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Indonesia is recognized for its pioneering efforts in Family Planning (FP). With strong political leadership and government commitment, Indonesia successfully decreased unmet need for FP, increased uptake of modern contraception, and reduced fertility from the 1960s.

However, over the past decade fertility rates and contraceptive prevalence rates are stagnating, unmet need remains relatively high, and unintended adolescent pregnancies are not declining. Challenges associated with decentralization in Indonesia have impacted effective delivery of quality FP services.

UNFPA continues its support to Government by providing evidence-based advocacy and technical expertise for development, implementation, and monitoring of a Rights-Based FP Strategy, and for facilitating quality, equitable FP within the context of the Universal Health Coverage Scheme.


Following the national agenda, Indonesia joined the FP2020 global commitments to meet its people’s needs for FP.

  • Under the FP2020 Country Committee framework, UNFPA Indonesia supports the development, implementation and monitoring of the Rights-Based FP Strategy, recognizing that sexual and reproductive health is fundamental to individuals, couples and families and is critical for social and economic development. The strategy will help the government in delivering a programme that supports the rights of women and girls to decide, freely, and for themselves, whether, when, and how many children they want to have.
  • As the country is moving to a middle income country, UNFPA Indonesia has shifted its working modalities to be more strategic by providing evidence and technical advice for policy and programme improvement.
  • Under the direction of the National Population and Family Planning Board (BKKBN) and Ministry of Health (MOH), UNFPA Indonesia is working to ensure appropriate policy for FP under the Universal Health Coverage scheme.

The UNFPA country programme is also testing three models of contraceptive supply chain management to respond to the changing needs under the Universal Health Coverage scheme.


South-South and Triangular Cooperation: Sharing Indonesia’s best Practices with The World

Indonesia, as an emerging middle-income country and a member of the G20, envisions playing an important role leading international development cooperation. South-South Cooperation (SSC) advances Indonesia’s role, regionally and globally, sharing its successes and lessons while learning from others.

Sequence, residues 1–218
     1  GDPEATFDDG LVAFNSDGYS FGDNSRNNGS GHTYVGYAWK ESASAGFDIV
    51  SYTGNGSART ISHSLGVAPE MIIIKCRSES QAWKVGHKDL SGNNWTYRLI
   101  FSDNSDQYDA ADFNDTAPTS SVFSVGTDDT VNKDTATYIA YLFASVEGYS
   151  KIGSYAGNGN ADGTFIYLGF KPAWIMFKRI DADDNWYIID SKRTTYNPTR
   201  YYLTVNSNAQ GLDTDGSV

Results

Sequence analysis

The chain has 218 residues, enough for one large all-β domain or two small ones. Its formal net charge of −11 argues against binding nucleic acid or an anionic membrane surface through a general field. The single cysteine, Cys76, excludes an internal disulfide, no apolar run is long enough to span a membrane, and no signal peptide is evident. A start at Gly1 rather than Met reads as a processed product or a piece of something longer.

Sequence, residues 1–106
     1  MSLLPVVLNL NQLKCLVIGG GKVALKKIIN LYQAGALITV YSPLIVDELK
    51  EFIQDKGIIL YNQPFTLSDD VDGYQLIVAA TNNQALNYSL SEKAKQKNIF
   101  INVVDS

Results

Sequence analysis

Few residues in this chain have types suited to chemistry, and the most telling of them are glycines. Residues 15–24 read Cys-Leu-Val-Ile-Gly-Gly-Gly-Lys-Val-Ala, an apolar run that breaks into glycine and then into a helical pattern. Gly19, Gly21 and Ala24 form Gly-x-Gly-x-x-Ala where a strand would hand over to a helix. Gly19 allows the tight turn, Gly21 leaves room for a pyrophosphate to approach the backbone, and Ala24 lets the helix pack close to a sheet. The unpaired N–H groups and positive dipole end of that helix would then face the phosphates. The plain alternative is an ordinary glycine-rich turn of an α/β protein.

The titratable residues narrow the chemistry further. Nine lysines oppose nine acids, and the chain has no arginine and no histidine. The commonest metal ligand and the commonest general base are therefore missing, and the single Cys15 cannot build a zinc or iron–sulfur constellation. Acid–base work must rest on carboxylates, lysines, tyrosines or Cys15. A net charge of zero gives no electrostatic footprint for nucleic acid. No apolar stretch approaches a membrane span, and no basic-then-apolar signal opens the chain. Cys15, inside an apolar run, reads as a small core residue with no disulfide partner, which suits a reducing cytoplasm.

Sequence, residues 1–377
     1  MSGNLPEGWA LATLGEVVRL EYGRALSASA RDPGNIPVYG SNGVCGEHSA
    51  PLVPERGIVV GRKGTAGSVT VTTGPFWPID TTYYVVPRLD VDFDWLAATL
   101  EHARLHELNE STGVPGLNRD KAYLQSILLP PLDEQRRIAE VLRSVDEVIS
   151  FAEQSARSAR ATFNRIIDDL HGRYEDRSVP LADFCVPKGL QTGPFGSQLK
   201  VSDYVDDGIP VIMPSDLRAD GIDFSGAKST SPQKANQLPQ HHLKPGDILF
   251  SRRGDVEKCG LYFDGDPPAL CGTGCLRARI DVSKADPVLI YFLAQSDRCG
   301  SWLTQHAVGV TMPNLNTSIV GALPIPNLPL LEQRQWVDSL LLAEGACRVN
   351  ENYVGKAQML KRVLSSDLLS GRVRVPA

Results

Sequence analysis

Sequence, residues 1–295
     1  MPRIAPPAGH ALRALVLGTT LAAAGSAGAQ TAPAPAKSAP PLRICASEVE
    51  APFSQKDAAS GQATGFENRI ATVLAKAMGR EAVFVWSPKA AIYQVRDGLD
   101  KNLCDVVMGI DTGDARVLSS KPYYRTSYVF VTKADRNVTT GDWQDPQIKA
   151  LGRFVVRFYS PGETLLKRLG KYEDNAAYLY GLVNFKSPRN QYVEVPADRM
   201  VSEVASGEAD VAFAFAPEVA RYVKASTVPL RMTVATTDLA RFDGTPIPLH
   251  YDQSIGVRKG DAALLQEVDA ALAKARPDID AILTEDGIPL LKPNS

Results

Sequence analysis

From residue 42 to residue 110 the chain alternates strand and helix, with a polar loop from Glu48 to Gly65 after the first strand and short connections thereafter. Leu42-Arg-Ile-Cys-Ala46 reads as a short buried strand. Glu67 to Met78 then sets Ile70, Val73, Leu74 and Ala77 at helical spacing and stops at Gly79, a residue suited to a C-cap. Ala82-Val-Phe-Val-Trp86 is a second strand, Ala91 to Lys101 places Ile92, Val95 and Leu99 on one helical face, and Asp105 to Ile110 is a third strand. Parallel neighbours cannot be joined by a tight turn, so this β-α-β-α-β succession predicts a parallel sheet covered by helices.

The SSC framework complements the Indonesian policy of self-reliance and partnership among all nations, as outlined in the National Medium-Term Development Plan 2015-2019.

To support this vision, UNFPA will continue its support the government in bilateral and multi-lateral South-South and Triangular (SSTC) by showcasing Indonesia’s successes in family planning, the role of religious leaders in family planning, and population data.

Current SSTC Programmes

1. Strategic Partnership with Muslim Religious Leaders (MRLs) in Family Planning (FP)

BKKBN, Ministry of State Secretariat, and UNFPA have jointly designed a training course for other developing countries on Strategic Partnership with MRLs in FP. This SSTC programme was started in 2013 and will be done yearly with 20 scholarships.

2. Comprehensive, Rights-based FP

BKKBN, and Faculty of Medicine of Gadjah Mada University (UGM) established the Center of Excellence to organize International Training on Comprehensive, Rights-based FP. The Center, located at UGM started to operate in 2015 and will continue to provide capacity building for FP service providers from other developing countries.

3. Bilateral SSTC with the Government of the Philippines

A bilateral SSTC on FP between Indonesia and the Philippines was started in 2012.  Facilitated by UNFPA Country Offices, the partnership enables sharing of experiences for mutual gain of both countries. 


New SSTC initiatives

1. FP Services in Universal Health Coverage (UHC)

Considering its rich experience in FP, UNFPA will provide support to Indonesia to lead the role in establishing an SSTC programme among several countries through ASEAN Secretariat to strengthen the FP component in their respective social insurance schemes to achieve the goals. 

2. Harnessing the Demographic Dividend through National/Subnational Development Plans/Policies

The Government has taken concrete actions to anticipate the implication of demographic dividend by incorporating it in its current Medium Term Development Plan and puting in place policies to harness the economic benefits.  Indonesia’s experience and lessons learned would be a potential area of cooperation with other developing countries experiencing similar demographic transitions.